The United Nations Conference on Environment and Development (UNCED), held in Rio de Janeiro in 1992, set the framework of guiding principles for sustainable development and sustainable forest management. The 'Forest Principles' and Chapter 11 of Agenda 21 enshrine the commitments made by nations in the forestry domain.
The "Forest Principles" underline that 'Sustainable forest management and use should be carried out in accordance with national development policies and priorities and on the basis of environmentally sound national guidelines. In the formulation of such guidelines, account should be taken, as appropriate and if applicable, of relevant internationally agreed methodologies and criteria' (Principle 8 d). Chapter 11 of Agenda 21 stresses the need of "Assessing and carrying out systematic observations of the quantitative and qualitative situation and changes of forest cover and forest resources endowments"and"linking this activity, as appropriate, with planning as a basis for policy and programme formulation" as well as "formulating scientifically sound criteria and guidelines for the management, conservation and sustainable development of all types of forests." Sections 11.31 (a) and 11.22 (b).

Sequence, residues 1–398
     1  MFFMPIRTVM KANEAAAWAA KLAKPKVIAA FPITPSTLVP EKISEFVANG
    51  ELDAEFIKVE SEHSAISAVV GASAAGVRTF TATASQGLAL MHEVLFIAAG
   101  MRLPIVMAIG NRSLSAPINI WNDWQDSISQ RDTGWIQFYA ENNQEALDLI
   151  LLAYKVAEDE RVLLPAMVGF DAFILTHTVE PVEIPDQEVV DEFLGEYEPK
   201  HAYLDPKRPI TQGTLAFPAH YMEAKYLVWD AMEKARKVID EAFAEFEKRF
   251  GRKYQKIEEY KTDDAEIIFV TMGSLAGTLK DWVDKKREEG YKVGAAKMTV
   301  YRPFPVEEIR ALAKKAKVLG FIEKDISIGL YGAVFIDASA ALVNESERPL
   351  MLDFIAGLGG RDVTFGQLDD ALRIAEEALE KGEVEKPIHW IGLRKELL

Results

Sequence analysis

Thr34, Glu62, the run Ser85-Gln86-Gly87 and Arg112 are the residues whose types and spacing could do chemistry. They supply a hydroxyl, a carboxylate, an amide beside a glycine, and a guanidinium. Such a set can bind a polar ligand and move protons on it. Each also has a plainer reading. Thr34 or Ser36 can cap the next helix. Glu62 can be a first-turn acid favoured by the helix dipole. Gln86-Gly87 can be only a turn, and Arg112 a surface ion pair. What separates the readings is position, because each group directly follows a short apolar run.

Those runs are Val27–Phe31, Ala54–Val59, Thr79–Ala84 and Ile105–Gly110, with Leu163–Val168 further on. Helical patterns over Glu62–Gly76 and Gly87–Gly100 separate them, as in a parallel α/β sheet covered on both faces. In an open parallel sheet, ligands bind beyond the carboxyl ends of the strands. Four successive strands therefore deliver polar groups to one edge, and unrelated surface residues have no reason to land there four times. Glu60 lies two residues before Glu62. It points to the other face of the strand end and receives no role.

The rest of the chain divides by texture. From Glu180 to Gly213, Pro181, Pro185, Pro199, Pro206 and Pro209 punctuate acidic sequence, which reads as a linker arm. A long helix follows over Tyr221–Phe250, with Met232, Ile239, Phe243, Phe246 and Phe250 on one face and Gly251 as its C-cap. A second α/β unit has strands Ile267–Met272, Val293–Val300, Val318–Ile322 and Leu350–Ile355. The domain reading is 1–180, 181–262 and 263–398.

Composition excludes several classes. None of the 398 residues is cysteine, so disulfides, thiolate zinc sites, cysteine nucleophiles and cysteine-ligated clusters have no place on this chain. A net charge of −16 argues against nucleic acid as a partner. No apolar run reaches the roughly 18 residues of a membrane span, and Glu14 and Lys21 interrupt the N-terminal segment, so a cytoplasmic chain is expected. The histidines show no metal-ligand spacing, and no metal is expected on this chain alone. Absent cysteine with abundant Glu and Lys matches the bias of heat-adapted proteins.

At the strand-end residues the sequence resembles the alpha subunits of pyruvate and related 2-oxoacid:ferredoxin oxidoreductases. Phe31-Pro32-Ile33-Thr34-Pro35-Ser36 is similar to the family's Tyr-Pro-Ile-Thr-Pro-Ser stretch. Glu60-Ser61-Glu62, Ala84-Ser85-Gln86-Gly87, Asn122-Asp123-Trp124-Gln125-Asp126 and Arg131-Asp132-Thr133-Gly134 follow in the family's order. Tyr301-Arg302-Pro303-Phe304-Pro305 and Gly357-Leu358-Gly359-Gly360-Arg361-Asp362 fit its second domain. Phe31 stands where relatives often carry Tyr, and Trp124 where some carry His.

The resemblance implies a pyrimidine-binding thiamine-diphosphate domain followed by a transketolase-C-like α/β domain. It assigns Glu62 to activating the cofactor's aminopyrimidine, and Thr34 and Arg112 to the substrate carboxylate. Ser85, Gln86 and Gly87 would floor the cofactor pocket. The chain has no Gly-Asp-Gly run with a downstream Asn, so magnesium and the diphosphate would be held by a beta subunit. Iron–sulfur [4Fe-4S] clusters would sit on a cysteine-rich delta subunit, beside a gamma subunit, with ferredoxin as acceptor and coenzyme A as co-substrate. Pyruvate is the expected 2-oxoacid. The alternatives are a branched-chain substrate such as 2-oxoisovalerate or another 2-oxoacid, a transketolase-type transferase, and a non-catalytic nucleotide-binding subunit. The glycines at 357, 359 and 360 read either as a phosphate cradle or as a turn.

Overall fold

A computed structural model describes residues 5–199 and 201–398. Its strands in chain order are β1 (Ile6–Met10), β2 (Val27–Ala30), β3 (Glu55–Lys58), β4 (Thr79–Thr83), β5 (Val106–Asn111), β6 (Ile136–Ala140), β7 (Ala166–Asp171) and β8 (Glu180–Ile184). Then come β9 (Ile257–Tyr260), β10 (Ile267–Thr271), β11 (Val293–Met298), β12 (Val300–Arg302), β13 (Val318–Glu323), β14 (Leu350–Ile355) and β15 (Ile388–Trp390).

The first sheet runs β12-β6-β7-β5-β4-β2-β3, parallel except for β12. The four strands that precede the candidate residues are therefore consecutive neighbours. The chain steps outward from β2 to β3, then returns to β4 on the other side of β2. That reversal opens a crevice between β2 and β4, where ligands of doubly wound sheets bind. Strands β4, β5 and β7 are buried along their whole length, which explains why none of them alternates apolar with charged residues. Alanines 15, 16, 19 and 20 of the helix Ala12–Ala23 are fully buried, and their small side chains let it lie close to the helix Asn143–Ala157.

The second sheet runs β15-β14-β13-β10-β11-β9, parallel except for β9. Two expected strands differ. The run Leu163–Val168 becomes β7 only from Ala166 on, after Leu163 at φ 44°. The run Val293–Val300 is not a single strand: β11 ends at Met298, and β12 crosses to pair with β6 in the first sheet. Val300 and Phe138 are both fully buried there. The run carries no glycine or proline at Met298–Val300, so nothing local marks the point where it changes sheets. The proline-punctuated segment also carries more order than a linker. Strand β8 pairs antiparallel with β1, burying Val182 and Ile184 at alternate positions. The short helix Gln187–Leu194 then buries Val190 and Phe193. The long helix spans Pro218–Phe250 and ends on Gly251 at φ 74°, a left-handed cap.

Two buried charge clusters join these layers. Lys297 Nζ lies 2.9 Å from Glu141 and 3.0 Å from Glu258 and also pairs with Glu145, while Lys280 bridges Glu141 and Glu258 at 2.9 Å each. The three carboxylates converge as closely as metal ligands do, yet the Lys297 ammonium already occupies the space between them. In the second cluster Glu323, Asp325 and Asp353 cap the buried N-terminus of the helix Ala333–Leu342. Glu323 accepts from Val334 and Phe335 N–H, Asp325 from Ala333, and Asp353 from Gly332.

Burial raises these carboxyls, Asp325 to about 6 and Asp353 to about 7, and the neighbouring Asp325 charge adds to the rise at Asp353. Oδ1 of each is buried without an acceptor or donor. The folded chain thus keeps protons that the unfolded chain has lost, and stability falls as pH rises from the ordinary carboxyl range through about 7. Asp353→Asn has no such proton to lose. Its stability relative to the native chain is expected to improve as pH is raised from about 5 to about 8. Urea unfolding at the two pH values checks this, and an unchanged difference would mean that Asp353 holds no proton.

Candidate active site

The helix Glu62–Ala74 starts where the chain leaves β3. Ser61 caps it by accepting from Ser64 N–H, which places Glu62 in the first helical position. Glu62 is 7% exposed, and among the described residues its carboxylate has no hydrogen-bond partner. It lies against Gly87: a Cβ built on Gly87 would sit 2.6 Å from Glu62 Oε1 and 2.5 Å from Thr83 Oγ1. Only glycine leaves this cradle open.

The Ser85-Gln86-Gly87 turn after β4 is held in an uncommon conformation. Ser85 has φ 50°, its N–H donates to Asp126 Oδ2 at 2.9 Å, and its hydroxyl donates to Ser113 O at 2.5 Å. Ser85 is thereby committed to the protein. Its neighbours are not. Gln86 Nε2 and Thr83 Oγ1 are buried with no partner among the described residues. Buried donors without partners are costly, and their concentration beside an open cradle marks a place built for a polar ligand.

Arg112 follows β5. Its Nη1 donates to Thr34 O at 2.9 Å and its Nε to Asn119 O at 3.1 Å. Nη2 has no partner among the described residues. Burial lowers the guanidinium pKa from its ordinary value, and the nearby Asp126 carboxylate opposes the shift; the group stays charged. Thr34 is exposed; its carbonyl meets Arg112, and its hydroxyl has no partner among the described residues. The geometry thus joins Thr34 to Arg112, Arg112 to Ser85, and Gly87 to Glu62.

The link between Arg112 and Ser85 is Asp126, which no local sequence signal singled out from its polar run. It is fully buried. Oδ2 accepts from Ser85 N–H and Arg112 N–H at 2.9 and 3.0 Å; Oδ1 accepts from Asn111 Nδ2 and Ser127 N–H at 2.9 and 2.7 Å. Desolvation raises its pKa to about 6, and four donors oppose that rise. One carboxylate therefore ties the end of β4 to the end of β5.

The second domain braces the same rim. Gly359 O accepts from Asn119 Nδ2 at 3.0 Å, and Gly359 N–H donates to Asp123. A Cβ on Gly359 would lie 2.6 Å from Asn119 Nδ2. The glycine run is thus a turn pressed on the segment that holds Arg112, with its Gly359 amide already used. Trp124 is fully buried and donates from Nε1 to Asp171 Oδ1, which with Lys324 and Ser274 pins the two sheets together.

Yet, the UN system organizations and their member countries are not the only actors in the criteria and indicators development process. The International Tropical Timber Organization (ITTO) pioneered important efforts to develop Criteria and Indicators for Sustainable Management of Natural Tropical Forests in 1990.
Other key players in development and implementation of criteria and indicators for sustainable forest management are Center for International Forestry Research (CIFOR), United Nations Environment Programme (UNEP) and the World Conservation Union (IUCN) including other members of the Collaborative Partnership on Forests (CPF), and initiatives such as the model forests.
last updated: Thursday, January 9, 2014